Karina Rivera, a spokesperson for the Alameda Alliance for Health, Thornton’s Medi-Cal managed care plan, provided a list of nine developmental-behavioral pediatricians she said are in the plan’s network.

However, the only two in Alameda County work for Kaiser Permanente, which “is a closed system,” acknowledged Donna Carey, interim chief medical officer of the Alameda Alliance. In practice, that means “even if they have a developmental pediatrician, we don’t have access to that pediatrician,” she said.

The other seven specialists are in surrounding counties, which could pose transportation challenges for Thornton and other patients.

The Alameda Alliance for Health met state requirements for patient access to specialists in the most recent review of its network, in 2022, said Department of Health Care Services spokesperson Griselda Melgoza. The plan “was found compliant with all time or distance standards,” she said.

However, after learning from California Healthline that the plan considers Kaiser Permanente specialists part of its network, the department contacted the insurer to inquire, and will work with it “to ensure member-facing materials accurately represent their current network,” Melgoza said.

A month after starting preschool in fall 2023, Ahmeir was evaluated for speech delay through his school district. His pediatrician also began ordering tests to understand his eating habits.

But Thornton believes Ahmeir’s symptoms aren’t isolated problems that can be addressed in a piecemeal fashion. “It’s just something else. It’s his development,” she said. “I know a tantrum, but he doesn’t get tantrums. He will hit people. That’s a no-go.”

In addition to addressing medical concerns, a developmental specialist could help parents like Thornton understand what school districts offer and how to expedite school evaluations, Spinks-Franklin said. Ahmeir faces a six- to eight-month wait for a comprehensive evaluation through his school district for additional services, Thornton said.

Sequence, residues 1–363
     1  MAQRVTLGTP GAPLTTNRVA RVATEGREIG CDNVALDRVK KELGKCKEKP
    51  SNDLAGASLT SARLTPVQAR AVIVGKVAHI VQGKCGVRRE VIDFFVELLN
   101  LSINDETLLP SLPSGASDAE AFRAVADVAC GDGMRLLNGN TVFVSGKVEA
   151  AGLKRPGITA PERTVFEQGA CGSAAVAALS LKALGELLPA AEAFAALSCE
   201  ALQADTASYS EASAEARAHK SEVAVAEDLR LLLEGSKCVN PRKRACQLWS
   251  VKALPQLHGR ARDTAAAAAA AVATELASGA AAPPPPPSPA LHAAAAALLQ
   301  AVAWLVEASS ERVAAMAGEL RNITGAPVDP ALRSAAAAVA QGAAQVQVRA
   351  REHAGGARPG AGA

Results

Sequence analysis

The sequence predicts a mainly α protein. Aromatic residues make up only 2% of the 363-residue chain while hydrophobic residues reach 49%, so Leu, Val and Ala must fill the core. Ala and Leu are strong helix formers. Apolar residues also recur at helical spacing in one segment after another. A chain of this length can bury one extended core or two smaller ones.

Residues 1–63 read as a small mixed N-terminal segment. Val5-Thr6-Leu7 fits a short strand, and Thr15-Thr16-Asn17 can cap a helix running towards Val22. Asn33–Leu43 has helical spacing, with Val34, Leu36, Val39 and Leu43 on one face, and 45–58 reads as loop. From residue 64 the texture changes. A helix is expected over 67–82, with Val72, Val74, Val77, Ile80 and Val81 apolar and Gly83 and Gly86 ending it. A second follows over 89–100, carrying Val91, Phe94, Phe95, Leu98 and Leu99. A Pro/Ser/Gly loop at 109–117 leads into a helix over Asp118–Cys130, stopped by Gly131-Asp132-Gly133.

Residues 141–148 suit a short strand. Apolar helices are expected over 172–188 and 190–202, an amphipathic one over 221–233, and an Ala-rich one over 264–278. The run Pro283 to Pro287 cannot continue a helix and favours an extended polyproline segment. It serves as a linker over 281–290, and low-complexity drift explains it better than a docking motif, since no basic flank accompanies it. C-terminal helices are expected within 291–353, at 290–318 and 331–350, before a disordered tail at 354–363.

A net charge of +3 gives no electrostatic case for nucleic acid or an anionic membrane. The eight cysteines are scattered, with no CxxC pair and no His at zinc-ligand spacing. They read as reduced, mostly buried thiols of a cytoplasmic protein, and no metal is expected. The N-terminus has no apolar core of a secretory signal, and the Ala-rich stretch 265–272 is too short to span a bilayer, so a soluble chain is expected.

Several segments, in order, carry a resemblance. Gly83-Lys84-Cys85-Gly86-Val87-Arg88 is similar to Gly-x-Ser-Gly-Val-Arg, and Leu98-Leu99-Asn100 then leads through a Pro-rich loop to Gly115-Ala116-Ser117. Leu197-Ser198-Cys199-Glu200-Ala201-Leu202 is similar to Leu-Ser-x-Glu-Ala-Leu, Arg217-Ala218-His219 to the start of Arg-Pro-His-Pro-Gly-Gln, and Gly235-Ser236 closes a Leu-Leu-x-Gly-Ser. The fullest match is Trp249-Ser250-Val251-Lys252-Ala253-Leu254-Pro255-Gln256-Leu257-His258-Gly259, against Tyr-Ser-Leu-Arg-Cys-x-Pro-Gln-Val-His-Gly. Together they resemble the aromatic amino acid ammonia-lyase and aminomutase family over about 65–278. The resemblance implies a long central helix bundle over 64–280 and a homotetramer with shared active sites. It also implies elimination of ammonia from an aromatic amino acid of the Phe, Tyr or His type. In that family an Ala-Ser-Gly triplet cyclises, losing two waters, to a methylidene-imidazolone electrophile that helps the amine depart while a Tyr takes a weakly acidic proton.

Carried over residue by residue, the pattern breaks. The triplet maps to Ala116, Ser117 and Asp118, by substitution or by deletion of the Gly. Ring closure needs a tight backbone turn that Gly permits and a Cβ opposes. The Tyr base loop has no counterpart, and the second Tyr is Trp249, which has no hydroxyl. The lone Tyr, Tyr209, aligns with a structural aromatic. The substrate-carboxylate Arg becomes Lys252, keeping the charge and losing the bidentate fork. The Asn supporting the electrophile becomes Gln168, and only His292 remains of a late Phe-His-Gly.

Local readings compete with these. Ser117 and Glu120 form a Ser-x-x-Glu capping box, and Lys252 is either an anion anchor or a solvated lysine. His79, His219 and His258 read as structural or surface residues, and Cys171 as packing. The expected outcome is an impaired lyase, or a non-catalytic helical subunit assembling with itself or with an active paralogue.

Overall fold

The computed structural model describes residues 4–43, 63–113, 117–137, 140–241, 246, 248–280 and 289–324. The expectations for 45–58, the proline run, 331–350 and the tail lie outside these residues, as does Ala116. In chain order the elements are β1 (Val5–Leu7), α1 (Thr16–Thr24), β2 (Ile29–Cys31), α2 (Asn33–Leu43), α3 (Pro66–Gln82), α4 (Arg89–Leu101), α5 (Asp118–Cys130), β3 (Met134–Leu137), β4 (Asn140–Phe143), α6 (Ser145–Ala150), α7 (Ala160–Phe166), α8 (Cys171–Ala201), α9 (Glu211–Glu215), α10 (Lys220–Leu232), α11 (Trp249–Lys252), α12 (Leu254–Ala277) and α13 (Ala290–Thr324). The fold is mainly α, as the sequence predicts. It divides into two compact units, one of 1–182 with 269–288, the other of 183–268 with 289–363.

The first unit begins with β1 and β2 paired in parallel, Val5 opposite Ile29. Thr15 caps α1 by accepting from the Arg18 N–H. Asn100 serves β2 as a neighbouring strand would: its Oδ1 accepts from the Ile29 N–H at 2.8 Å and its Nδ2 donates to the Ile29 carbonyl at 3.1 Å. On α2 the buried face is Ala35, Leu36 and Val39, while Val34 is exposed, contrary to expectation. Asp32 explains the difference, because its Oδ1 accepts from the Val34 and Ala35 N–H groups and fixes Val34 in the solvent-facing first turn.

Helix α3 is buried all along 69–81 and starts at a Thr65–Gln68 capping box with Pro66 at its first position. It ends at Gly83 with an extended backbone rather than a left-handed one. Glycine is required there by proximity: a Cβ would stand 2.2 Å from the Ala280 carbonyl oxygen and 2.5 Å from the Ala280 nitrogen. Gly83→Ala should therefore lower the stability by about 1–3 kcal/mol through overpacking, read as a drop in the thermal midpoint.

It’s common for parents to get confused about what a school district can and can’t do for kids with developmental disabilities, said Corina Samaniego, who works at Family Resource Navigators, an organization that helps parents like Thornton in Alameda County. For instance, Samaniego said, school districts cannot provide medical diagnoses of autism, nor the therapy to address it.

Ahmeir has made significant improvement with speech therapy provided through the school district, Thornton said, and now speaks in full sentences more often. But she remains frustrated that she does not have a diagnosis that explains his persistent symptoms, especially his reluctance to eat and difficulty expressing emotions.

Thornton believes she has done everything she can to help him. She has even created elaborate food landscapes for Ahmeir with dinosaur-shaped chicken nuggets, mashed potato volcanoes, gravy lava, and broccoli trees — only to have him turn his head away.

As of late May, she continued to seek advice from teachers and counselors while she waited for an appointment with a specialist.

“I try to stay strong for my son and do the best I can and be there for him, talk to him, teach him things,” she said. “It’s been really tough.”

This article is part of “Faces of Medi-Cal,” a California Healthline series exploring the impact of the state’s safety-net health program on enrollees.

This article was produced by KFF Health News, which publishes California Healthline, an editorially independent service of the California Health Care Foundation. 

Many Young Adults Who Began Vaping as Teens Can’t Shake the Habit

G Kumar’s vaping addiction peaked in college at the University of Colorado, when flavored, disposable vapes were taking off.

“I’d go through, let’s say, 1,200 puffs in a week,” Kumar said.

Vaping became a crutch for them. Like losing a cellphone, losing a vape pen would set off a mad scramble.

“It needs to be right next to my head when I fall asleep at night, and then in the morning, I have to thrash through the sheets and pick it up and find it,” Kumar recalled.

They got sick often, including catching covid-19 — and vaping through all of it.

Kumar, now 24, eventually quit. But many of their generation can’t shake the habit.

“Everyone knows it’s not good for you and everyone wants to stop,” said Jacob Garza, a University of Colorado student who worked to raise awareness about substance use as part of the school’s health promotion program.

“But at this point, doing it all these years … it’s just second nature now,” he said.